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Movies in spotlight as Jokowi seeks to reshape Indonesia economy

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JAKARTA — Indonesia wants to lower its reliance on natural resources and President Joko Widodo is turning the spotlight on films, fashion and handicrafts.

Growth in these creative industries is set to exceed the pace of the nation’s gross domestic product of about 5%, said Triawan Munaf, head of Indonesian Agency for Creative Economy. These sectors accounted for about 7.4% of Indonesia’s GDP, or about 1,000 trillion rupiah ($73 billion) in 2017, and Mr. Widodo seeks to raise it to 9% by 2020, he said.

Indonesia’s economic fortunes have for long been tied to its resources industry and Mr. Widodo, also known as Jokowi, in 2015 set up the agency for creative economy to promote foreign investment in sunrise sectors like entertainment, fashion textiles and packaged food. The government’s move to allow foreign investments in films, movie distribution and exhibition has lured foreign investors including 21st Century Fox, Inc. and South Korea’s Lotte Cinema Co.

“The focus on creative economy is really paying off,” Mr. Munaf said in an interview at his office in central Jakarta on April 2. “The removal of the film industry from the negative list for foreign investors has led to a surge in the number of screens and viewership for Indonesian and Hollywood movies alike.”

Within three years of opening film production, exhibition and distribution to foreign investors, the number of movie screens in Indonesia jumped 50% to 1,500 while ticket sales soared to 42.7 million last year from 16 million in 2015, Mr. Munaf, a former advertising professional appointed by Jokowi, said.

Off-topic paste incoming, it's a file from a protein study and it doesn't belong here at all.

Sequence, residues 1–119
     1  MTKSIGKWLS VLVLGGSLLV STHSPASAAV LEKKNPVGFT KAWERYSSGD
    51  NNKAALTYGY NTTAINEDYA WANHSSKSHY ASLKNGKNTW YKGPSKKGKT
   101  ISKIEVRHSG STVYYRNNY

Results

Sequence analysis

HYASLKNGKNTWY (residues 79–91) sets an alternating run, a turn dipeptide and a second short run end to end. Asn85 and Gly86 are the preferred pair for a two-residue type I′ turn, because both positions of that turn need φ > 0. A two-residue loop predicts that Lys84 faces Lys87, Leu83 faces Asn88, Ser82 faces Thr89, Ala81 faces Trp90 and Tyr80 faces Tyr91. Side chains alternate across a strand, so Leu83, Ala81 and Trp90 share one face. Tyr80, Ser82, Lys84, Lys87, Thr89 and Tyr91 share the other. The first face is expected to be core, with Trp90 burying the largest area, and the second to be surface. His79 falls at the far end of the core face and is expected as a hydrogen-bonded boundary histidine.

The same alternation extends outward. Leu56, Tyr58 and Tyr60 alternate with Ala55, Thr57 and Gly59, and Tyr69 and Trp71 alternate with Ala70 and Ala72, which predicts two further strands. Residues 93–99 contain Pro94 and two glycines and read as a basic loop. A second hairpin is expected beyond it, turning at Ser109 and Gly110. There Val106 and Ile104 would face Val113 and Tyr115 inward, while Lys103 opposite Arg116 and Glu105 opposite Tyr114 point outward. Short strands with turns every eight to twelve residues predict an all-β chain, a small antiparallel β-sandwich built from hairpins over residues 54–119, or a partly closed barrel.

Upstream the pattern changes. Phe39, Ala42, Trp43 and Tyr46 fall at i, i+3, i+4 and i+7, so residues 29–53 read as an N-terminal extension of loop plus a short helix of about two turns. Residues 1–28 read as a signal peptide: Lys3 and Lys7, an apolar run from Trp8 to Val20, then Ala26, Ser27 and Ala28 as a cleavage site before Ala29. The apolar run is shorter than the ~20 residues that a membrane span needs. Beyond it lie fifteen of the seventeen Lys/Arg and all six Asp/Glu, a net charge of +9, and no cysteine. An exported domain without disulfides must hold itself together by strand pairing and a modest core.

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Lotte Cinema has acquired land to build theaters in more than 60 locations, while CJ CGV Co., through its Indonesian unit PT Graha Layar Prima, is already present in 13 Indonesian cities. Cinema 21 is Indonesia’s largest operator of movie theaters with nearly 1,000 screens and has exclusive distribution rights to Motion Pictures Association of America studio films in the archipelago.




Southeast Asia’s largest economy has climbed 45 places in the World Bank’s ease of doing business ranking since Jokowi took office in 2014. He wants the country to improve its position to 40 in the next two years from 72 now. The World Bank has called for easier terms for foreign manufacturers and fewer restrictions on ownership in some sectors to lure more foreign direct investment.

The agency is also pushing for exports of Indonesian designer goods such as batik clothes and handicrafts by aggressively marketing at global exhibitions, Mr. Munaf said. The government is working with e-commerce platforms like Bukalapak.com and other start-ups to find buyers for Indonesian designers and artisans, he said.

“Fresh graduates are increasingly choosing informal work like developing games and applications and culinary business,” said Josua Pardede, an economist at PT Bank Permata in Jakarta. “If they get support from the government to promote their products in the global market, it will contribute to foreign investment and foreign reserves.”

Jokowi has taken steps to wean the country off commodities and push investment in value-added manufacturing and services to generate more jobs and to finance hundreds of billions of dollars needed for infrastructure. Indonesia’s economy has expanded at an average of about 5%, below the 7% targeted by the president. — Bloomberg

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